Also digital cameras are very reliable with only about 5% that are bought ever developing a fault, so don't bother with the extended waranty.

Digital Camera Buying Guide
Different Types Available

When you look at film cameras, the body, or style of the camera, and the quality of the lens tend to be key factors in setting the price. This trend also tends to carry over to digital cameras.

Therefore, you can expect to pay more for a camera that allows you to change lenses, as well as ones that have other specialty features.

Depending on your budget and interests, you may find that you'll want to focus on one category more than the others.

Digital Camera Buying Guide
Sub Compact

Typically, sub-compact cameras will fit into your pocket, or even on a keychain. In general, they have a very short battery life, and are severely limited in terms of available controls.

Many do not have a viewfinder, but use an LCD screen for composing images. So, if you want to have a camera with you at all times, a sub-compact may be ideal for your situation. These cameras usually cost about the same amount of money as a compact camera.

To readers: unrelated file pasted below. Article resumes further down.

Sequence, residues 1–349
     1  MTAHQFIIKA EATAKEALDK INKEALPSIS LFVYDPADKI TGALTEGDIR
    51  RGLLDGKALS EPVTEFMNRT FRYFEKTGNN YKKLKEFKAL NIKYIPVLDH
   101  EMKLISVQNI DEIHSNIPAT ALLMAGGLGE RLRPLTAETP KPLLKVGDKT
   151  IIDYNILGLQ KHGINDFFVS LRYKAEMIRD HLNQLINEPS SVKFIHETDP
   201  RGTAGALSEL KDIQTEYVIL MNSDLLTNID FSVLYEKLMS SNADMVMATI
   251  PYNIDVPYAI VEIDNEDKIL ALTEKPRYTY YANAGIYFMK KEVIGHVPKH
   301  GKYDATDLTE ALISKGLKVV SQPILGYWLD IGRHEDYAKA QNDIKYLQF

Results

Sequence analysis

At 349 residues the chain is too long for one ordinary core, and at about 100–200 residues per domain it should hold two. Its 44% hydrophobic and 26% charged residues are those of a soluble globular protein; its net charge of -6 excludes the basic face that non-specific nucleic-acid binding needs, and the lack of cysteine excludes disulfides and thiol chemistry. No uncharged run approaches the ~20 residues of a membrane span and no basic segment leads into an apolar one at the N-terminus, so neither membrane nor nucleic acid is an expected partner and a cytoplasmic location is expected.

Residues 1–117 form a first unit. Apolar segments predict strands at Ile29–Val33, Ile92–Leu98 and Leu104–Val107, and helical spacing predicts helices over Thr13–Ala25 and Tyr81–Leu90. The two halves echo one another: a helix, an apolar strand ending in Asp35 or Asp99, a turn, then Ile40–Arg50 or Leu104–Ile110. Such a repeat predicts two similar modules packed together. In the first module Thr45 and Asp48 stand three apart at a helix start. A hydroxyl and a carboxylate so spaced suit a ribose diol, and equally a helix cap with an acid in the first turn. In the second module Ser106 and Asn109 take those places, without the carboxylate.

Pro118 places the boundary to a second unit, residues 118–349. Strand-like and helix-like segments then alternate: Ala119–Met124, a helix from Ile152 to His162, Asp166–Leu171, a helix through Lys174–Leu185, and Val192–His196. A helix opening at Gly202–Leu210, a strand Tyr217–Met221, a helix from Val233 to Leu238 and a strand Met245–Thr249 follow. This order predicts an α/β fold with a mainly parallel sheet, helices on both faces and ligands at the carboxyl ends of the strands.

Consumers usually find that Casio Exilims represent the best quality sub-compact camera at around $140. Another option is Fuji Finepix. If you want a camera with face detection, the Fujifilm FinePix might be more suitable for you at around $180.

For a bit more money, certain Olympus models will give you image stabilization as well as wireless file transfer capabilities.

Digital Camera Buying Guide - Compact

Most people can fit these cameras into a handbag with a minimal amount of difficulty. They tend to be the most popular because of their low price and lack of complexity.

On the other hand, if you want to set exposure levels, zoom in on a particular area, or compose the image, these cameras may not be the most suitable for your needs.

These cameras generally cost between $100 and $400. Canon Power Shot models tend to be the most popular in this particular category at around $145. Others available in this range are the Kodak Easyshare, Samsung, GE and HP, which all produce cheap digital cameras that are easy to use for people of all ages and technical skill levels.

That said, a growing number of people prefer the Sony Cybershot range at around $150 in this category. Sigma also produces a fairly expensive high-end compact camera that features the same Foveon imaging sensor used in their SLR cameras. It costs around $800.

Digital Camera Buying Guide - Super Zoom